Most battles in Dune are won by the stronger force (after accounting for the leaders), but sometimes they're not, and I love it.
KingoftheHilltop 11 months ago
Sounds like I might need to try #Dune.
If you can get 6 people together, and they're all invested, it's a great game.
lievendv 8 months ago
Randomness is needed. Even the smalles amount is needed to call it a game.
As states input/output randomness is a big difference and if you are combining the two, one must be sure not to overuse.
I have no strong preference but it works bes that a big portion of one is countered with a small portion (or none) of the other.
nealkfrank 11 months ago
I typically am ok with randomness in a game in a couple different scenarios.
1) when the game is all about luck/randomness. See #The Quacks of Quedlinburg.
2) When fighting is involved. I have heard Heavy Cardboard say it makes sense in combat since there is no guarantee in war/battles.
3) In set up. Once you have completed the set up and know what your options are, then that information is steady.
Courageous Bob 11 months ago
I agree that battles are a great place for some randomness, it means the player with the 'weaker' army still feels like they have a chance. That said I really enjoy games with non-random battles but where you have hidden information and multiple ways to 'win' (taking an area, scoring points, getting a certain advantage for later) like in #Rising Sun or #Cry Havoc. So although the is no dice rolling instead the uncertainty lies in trying to figure out what you opponent might want from a battle and trying to outmanoeuvre them.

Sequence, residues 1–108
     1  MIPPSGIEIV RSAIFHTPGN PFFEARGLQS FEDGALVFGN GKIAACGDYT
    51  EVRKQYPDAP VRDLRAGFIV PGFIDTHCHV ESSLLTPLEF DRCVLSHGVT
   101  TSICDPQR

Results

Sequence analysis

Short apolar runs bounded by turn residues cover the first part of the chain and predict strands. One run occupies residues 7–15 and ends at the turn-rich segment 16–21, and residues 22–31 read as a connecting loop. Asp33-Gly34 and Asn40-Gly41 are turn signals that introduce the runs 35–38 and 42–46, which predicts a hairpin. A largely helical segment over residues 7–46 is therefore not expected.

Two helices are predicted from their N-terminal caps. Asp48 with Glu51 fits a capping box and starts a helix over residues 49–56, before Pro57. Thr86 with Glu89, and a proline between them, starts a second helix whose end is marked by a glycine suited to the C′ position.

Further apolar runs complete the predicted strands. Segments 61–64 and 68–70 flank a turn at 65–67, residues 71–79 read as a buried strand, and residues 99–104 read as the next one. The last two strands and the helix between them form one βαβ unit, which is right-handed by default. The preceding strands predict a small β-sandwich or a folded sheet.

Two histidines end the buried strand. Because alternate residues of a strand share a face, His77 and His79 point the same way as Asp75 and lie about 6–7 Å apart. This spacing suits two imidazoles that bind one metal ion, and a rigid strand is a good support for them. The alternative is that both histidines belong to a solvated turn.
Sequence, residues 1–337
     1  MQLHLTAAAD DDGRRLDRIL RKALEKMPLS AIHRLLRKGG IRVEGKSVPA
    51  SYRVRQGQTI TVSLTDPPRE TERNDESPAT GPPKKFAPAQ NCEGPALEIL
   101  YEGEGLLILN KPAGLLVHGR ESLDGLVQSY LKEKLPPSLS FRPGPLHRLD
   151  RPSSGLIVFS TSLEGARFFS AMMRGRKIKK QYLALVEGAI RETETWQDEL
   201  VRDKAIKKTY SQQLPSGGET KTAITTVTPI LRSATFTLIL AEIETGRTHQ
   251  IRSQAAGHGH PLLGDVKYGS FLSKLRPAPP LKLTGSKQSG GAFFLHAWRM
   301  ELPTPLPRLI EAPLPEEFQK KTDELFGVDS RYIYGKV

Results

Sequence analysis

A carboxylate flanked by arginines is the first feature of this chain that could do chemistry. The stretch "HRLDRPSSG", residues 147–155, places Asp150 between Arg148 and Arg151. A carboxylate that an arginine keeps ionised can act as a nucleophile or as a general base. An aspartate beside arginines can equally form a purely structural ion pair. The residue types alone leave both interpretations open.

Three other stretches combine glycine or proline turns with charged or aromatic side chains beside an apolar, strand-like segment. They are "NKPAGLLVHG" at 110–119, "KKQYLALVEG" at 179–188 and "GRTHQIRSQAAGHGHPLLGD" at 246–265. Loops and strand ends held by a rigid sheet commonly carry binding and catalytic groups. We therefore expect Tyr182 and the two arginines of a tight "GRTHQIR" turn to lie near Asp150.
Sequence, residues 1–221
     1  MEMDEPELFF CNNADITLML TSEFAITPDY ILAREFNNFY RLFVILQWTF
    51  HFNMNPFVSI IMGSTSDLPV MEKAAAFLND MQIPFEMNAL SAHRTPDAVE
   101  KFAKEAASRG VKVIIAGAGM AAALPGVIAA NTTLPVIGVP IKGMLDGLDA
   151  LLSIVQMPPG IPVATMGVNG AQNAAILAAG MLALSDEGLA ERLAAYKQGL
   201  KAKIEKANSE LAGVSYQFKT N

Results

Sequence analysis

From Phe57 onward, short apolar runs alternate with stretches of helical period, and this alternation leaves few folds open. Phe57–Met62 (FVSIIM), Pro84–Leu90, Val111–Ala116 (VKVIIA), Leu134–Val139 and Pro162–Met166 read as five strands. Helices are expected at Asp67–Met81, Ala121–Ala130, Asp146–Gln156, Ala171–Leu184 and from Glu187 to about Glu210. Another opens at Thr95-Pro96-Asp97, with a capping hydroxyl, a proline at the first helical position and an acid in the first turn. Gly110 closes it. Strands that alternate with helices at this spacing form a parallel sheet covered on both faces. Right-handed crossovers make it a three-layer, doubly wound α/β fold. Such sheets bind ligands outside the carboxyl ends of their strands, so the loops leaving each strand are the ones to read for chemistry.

I can see the benefit of that! I played Blood Rage a bit and it had that as well, the hard part is if you do not know what those cards are or the potential cards that the other player has, it can be very frustrating!
For some reason I still haven't played Blood Rage. I am not entirely sure why but it looks fantastic.
It is pretty good, it is a simpler game than it leads on to be honest and it does not reward combat alllll that much. It is a stat building and questing game from my experience. Every game I played the winner maximized their stats and quested a toooon
I think set-up is my favorite place to put randomness. It helps make the game fresh and replayable. I also like it in fighting scenarios, I'm glad I am not alone in that. I am a heavy miniature/war gamer and dealing with probability and mitigating the luck factor is part of the game.
I really need to play #The Quacks of Quedlinburg. I have heard it is quite good!
Ooooo What is your favorite war game?? That is an area of gaming I have not dug into much but I could see myself getting into it.